Risk Factors for Deep Vein Thrombosis: Who is at Greater Risk?

Risk Factors for Deep Vein Thrombosis: Who is at Greater Risk?

Deep Vein Thrombosis (DVT) is a vascular condition that occurs when blood clots form in the deep veins of the body, typically in the legs. While DVT can affect individuals of various ages and backgrounds, understanding the risk factors associated with this condition is crucial for both prevention and early detection. In this comprehensive exploration, we will delve into the intricacies of the risk factors for Deep Vein Thrombosis, shedding light on who is at greater risk and why.

The Common Risk Factors:

  1. Age:
    • As the clock ticks, our bodies undergo various changes, and the risk of DVT tends to increase with age. While it can manifest at any life stage, DVT is more prevalent in older adults. Aging is often associated with alterations in blood vessel structure and reduced mobility, factors that contribute to a higher risk of clot formation.
  2. Genetics and Family History:
    • The familial thread weaves its influence in the development of DVT. Genetic factors play a significant role in determining an individual’s susceptibility to blood clotting disorders. If there’s a family history of DVT or clotting disorders, the risk for affected individuals is notably higher. Specific genetic conditions can impact the clotting process, making blood more prone to forming clots.
  3. Previous History of DVT:
    • Past episodes of DVT can cast a long shadow on an individual’s health. Those who have experienced a clot once are at a greater risk of recurrence. It underscores the importance of ongoing management and preventive measures for individuals with a history of blood clots.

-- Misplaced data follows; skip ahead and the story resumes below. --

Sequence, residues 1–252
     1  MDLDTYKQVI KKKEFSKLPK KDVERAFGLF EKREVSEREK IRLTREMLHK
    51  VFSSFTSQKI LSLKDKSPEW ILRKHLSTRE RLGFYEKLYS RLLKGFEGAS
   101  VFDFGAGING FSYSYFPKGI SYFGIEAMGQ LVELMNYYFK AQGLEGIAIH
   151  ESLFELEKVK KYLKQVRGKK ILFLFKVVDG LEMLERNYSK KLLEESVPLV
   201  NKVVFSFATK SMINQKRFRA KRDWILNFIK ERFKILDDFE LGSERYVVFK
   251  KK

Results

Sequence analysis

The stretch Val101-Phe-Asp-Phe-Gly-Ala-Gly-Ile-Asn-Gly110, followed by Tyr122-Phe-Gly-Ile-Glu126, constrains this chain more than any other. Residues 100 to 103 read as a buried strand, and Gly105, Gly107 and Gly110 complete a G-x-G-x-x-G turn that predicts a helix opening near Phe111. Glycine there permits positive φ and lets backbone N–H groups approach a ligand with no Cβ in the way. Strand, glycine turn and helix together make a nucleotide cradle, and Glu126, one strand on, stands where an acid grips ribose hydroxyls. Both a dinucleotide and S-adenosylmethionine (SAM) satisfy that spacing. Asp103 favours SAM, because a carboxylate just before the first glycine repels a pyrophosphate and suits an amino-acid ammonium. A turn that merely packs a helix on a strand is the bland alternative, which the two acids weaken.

4. Immobility and Prolonged Bed Rest:
    • A sedentary lifestyle or prolonged periods of bed rest can tip the scales in favor of DVT. Long hours of immobility, whether due to hospitalization, extended flights, or post-surgical bed rest, hinder the natural circulation of blood and create an environment conducive to clot formation.

Medical Conditions:

  1. Cancer:
    • The dark alliance between cancer and DVT is well-established. Both the presence of tumors and certain cancer treatments can elevate the risk of blood clot formation. Tumors may release substances that trigger clotting, and some cancer therapies can directly affect the clotting process.
  2. Obesity:
    • Carrying excess weight doesn’t just strain the joints; it can burden the circulatory system as well. Obesity is linked to Deep Vein Thrombosis (DVT), as it places additional pressure on veins, potentially impeding blood flow and making clot formation more likely. Additionally, obesity is associated with other risk factors such as inflammation and insulin resistance.
  3. Heart Disease and Stroke:
    • Disorders affecting the cardiovascular system, including heart disease and stroke, can disrupt the normal flow of blood. This disturbance in circulation increases the risk of clotting, making individuals with these conditions more susceptible to DVT.
  4. Inflammatory Conditions:
    • Chronic inflammatory conditions, such as rheumatoid arthritis or inflammatory bowel disease, add another layer to the complexity of DVT risk factors. Persistent inflammation can damage blood vessels and create an environment conducive to clot formation.

Lifestyle Factors:

  1. Smoking:
    • In the conglemorate of risk factors, smoking plays a distinct role in promoting DVT. The chemicals in tobacco can damage blood vessels, creating an environment conducive to clot formation. Smoking is often associated with other risk factors like cardiovascular disease and respiratory issues, further amplifying the risk.